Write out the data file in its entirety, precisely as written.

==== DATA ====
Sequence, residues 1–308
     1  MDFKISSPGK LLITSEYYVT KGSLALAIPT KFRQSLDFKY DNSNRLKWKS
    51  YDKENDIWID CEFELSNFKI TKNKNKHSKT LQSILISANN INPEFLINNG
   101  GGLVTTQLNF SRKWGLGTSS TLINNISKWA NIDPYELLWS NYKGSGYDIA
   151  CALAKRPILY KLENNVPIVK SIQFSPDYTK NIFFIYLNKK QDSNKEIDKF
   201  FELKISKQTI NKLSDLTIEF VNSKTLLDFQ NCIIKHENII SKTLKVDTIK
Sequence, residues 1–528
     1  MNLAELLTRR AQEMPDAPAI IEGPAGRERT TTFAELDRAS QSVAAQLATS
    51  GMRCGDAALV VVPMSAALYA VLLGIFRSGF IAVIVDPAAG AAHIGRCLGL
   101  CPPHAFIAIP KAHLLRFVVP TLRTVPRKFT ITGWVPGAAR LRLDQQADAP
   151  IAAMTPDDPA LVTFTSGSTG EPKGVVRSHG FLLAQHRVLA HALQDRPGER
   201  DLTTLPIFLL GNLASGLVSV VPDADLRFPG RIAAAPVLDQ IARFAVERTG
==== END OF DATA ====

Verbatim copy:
Sequence, residues 1–308
     1  MDFKISSPGK LLITSEYYVT KGSLALAIPT KFRQSLDFKY DNSNRLKWKS
    51  YDKENDIWID CEFELSNFKI TKNKNKHSKT LQSILISANN INPEFLINNG
   101  GGLVTTQLNF SRKWGLGTSS TLINNISKWA NIDPYELLWS NYKGSGYDIA
   151  CALAKRPILY KLENNVPIVK SIQFSPDYTK NIFFIYLNKK QDSNKEIDKF
   201  FELKISKQTI NKLSDLTIEF VNSKTLLDFQ NCIIKHENII SKTLKVDTIK
Sequence, residues 1–528
     1  MNLAELLTRR AQEMPDAPAI IEGPAGRERT TTFAELDRAS QSVAAQLATS
    51  GMRCGDAALV VVPMSAALYA VLLGIFRSGF IAVIVDPAAG AAHIGRCLGL
   101  CPPHAFIAIP KAHLLRFVVP TLRTVPRKFT ITGWVPGAAR LRLDQQADAP
   151  IAAMTPDDPA LVTFTSGSTG EPKGVVRSHG FLLAQHRVLA HALQDRPGER
   201  DLTTLPIFLL GNLASGLVSV VPDADLRFPG RIAAAPVLDQ IARFAVERTG